Death Penalty Change Used to Push Change for LGBT Teaching

by David Nussman  •  •  August 3, 2018   

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DETROIT ( - After news broke Thursday that Pope Francis was changing the Catechism to make the death penalty "inadmissable," pro-homosexual dissidents are using the controversy to argue that Church teaching on homosexuality can change, too.

When the decision was announced to add to the Catechism a condemnation of the death penalty, secular media ran wild with headlines saying the Pope was reversing Church teaching. This led to "Catholic" pro-gay groups using the opportunity to argue that Church teaching on homosexuality can also change. For instance, Francis DeBernardo of dissident New Ways Ministry wrote on Friday:

It's important for Catholic advocates for LGBT equality to take note of this change because for decades Catholic opponents of LGBT equality argued that it is impossible to change church teaching. They often pointed to the fact that condemnations of same-sex relationships were inscribed in the Catechism, and so were not open for discussion or change. Yet, the teaching on the death penalty is in the Catechism, too, and, in fact, to make this change in teaching, it was the text of the Catechism that Francis changed.

DeBernardo notes that some claim it's not a change in teaching, and replies, "So, the change is not a contradiction, even though it is the opposite of what came before it? Hmmmm."

Another dissident pro-gay group, Fortunate Families, celebrated the Catechism change, saying on Facebook Thursday, "'The church cannot change its teaching!' That is what so many say about other topics, for example regarding LGBTQ persons. But, doctrine develops. Today's news is a sterling example."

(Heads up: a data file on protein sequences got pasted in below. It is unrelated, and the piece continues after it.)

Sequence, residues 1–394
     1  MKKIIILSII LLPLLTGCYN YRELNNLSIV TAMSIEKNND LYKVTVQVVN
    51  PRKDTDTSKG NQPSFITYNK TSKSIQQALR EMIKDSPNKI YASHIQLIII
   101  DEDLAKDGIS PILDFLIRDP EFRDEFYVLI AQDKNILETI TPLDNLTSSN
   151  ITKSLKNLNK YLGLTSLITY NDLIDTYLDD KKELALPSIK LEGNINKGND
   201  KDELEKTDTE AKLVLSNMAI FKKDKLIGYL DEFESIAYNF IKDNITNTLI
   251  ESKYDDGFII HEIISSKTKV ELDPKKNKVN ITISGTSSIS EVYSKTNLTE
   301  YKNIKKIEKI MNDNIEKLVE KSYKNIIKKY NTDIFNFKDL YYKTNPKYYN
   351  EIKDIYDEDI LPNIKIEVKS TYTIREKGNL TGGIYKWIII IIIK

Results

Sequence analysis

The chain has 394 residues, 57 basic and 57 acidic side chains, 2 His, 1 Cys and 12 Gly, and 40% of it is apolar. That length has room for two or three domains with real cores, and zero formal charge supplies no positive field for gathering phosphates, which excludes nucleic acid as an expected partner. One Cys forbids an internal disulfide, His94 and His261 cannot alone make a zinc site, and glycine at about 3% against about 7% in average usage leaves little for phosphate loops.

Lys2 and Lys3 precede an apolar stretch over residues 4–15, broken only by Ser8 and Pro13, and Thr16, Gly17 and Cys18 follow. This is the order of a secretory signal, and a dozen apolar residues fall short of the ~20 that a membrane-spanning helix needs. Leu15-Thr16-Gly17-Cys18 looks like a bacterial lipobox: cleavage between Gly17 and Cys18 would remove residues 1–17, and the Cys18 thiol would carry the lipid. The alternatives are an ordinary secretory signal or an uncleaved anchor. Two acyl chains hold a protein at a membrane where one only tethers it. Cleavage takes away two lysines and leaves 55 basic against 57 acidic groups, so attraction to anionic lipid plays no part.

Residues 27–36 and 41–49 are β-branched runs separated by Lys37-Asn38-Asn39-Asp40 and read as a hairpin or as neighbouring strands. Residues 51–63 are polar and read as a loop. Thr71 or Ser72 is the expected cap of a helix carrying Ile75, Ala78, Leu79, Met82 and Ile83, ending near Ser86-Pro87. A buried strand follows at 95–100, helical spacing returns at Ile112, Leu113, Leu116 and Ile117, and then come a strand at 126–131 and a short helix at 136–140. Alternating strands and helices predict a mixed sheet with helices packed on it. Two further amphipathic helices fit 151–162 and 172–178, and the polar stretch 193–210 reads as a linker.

Fortunate Families was implying that, since Church teaching on the death penalty is supposedly changing, the Church can also change its teachings on sodomy.

Writing in his blog on Friday, traditional Catholic priest Fr. John Zulhsdorf alluded to the idea, circulating among Catholics online, that the catechism scandal, though bad, is distracting from the gay priest sex abuse scandal: "Meanwhile, we seem to be pushing outrage about McCarrick out of the news cycle."

Some faithful Catholics have gone so far as to argue that pro-homosexual clergy at the Vatican might have orchestrated the Catechism controversy as an intentional distraction from the gay clerical sex abuse scandal, coming to light now with the Catholic MeToo movement.

From the evidence [of gay priests] that we have and from witnesses who worked in the Vatican, we can say it could be around 30-50 percent of the Vatican.

Polish priest Fr. Dariusz Oko wrote a scathing exposé in 2012 titled "With the Pope Against the Homoheresy," in which he detailed the extent of the homosexual infiltration of the clergy. In an interview with Michael Voris in December 2016, Fr. Oko said, "Just like in the military, in the police, in the art world, once a person with homosexual tendencies gets into power, usually their subordinates are also homosexuals, therefore they start creating a pyramid, and the same thing is happening in the Church with these bishops who knowingly nominate people with the same tendencies."

But, Fr. Oko says, the homosexual problem is not limited to dioceses. It reaches as high as sections of the Vatican: "It's not precise statistics, but from the evidence that we have and from witnesses who worked in the Vatican, we can say it could be around 30-50 percent of the Vatican."

He explained that one of the reasons this happens is because dioceses ship gay and predatory priests off to Rome to keep them away from children: "[A] lot of these homosexuals were actually deposed quietly by their dioceses to the Vatican so they don't have so much interaction with children, for example, but they still remain homosexual."

But there is another reason: "The second reason is careerism. Obviously the Vatican's a source of authority — a lot of money, prestige, and that's where they want to go — sort of like a natural attraction for them."

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